Arizona dust settles with Vaisala

PWD10 visibility sensors and RWS200 system make driving safer on wind-blown highway
Air Quality & Weather Systems / December 20, 2022
By David Arminas
© Jbrown777 |
© Jbrown777 |

The Arizona Department of Transportation (ADoT) created an automated speed limit system based upon Vaisala’s PWD visibility sensors — a first in the US, says the manufacturer.

While the western US state is noted for being hot and dry, this depends entirely on elevation and time of year. Snow, rain, flooding, dust storms, high winds and microbursts can be common.

For the client, ADoT, Vaisala provided 13 of its PWD10 visibility sensors and its Road Weather Station RWS200 system to help make driving safer on a dangerously dusty, wind-blown highway between two major cities. ADoT now relies on an extensive road weather information system (RWIS) including 20 Vaisala Road Weather Station RWS200s for accurate conditions.

The client went about creating an innovative solution based upon these PWD10 sensors to provide visibility measurement for road weather applications. Calibrated with reference to a highly accurate transmissometer, Vaisala PWD series sensors use proven forward scatter technology to measure meteorological optical range (MOR). The downward-facing lenses protect against precipitation, spray and dust while the weather-proof design provides accurate measurements and reduces the need for maintenance.

The visibility sensors, along with variable speed limit signs, were installed along the section of highway that is most prone to dust storms. Next, they developed an automated, real-time system that integrates the PWD10 visibility measurements and adjusts speed limits accordingly so drivers can change their speed before travelling through hazardous conditions.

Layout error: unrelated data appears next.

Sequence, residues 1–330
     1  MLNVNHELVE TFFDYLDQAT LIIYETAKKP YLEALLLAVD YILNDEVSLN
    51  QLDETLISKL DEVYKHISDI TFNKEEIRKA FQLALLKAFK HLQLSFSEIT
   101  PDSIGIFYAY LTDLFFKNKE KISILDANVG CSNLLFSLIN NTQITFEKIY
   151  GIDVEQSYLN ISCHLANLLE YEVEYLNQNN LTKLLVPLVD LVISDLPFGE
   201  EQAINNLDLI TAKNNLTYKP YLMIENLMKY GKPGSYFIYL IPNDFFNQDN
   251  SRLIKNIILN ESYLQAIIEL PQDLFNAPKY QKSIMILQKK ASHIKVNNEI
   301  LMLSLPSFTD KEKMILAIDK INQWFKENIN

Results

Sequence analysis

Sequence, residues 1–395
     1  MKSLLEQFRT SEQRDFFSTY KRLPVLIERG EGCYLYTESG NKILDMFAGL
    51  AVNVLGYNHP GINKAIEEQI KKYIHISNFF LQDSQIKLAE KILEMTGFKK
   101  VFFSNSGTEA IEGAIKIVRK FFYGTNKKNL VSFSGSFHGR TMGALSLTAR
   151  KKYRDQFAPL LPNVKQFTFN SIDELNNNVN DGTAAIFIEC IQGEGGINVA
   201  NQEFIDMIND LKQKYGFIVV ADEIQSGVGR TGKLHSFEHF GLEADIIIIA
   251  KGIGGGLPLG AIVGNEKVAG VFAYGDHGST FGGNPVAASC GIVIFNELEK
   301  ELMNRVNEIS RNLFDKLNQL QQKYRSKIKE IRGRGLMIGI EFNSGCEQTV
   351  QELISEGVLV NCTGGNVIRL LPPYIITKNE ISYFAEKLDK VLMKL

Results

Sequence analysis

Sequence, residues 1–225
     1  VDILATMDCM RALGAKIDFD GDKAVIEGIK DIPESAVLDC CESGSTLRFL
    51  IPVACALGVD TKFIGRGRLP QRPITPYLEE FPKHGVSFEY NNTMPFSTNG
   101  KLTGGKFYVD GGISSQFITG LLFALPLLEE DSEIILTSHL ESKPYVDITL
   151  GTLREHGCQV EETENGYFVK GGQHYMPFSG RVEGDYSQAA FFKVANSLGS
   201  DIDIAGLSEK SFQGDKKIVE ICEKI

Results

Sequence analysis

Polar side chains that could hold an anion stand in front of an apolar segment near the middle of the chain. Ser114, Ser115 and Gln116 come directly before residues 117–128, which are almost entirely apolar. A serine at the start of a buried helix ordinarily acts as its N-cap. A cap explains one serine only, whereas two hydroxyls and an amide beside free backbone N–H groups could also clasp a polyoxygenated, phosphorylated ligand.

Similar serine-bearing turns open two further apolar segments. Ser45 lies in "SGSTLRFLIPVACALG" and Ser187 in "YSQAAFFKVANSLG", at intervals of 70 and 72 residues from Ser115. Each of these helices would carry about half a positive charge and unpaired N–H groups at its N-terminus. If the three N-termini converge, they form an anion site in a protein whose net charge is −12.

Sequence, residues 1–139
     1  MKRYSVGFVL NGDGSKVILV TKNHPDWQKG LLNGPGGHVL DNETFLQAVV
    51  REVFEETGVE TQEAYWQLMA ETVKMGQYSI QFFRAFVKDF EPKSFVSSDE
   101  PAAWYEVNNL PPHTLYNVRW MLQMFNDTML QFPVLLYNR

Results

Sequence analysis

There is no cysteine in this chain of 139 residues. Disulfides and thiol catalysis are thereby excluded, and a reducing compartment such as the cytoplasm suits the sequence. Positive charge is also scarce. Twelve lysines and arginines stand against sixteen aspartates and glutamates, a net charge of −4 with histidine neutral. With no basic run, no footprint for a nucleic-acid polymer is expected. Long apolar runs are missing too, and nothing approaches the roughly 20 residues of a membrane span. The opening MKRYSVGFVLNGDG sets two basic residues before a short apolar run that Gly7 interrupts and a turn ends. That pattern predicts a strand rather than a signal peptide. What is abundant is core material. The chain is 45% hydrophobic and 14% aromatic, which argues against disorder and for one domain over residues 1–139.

Visibility measurements combined with an automated system that adjusts speed limits is a safety game-changer for the ADoT — and the first solution of its kind in the nation, notes Vaisala.

The variable speed limit signs change depending on the current level of visibility, dropping in steps from 120kph to 55kph (from 75mph in 10mph steps to 35mph), while dynamic message signs alert travellers. Once visibility increases, the speed limits automatically rise again. Accurate visibility measurements are critical for this application and the PWD10 sensors provide the performance the department needs.

The solution has brought many positive results, the most important of which is safer roads, verified through data showing a reduced number of dust-related crashes. 

"Even though there are operational benefits, the main benefit is safer roads for the travelling public,” said Kevin Duby, ADoT’s road weather manager. “We’re definitely embracing new technology, using weather data and automation even more in order to keep the roads safe."

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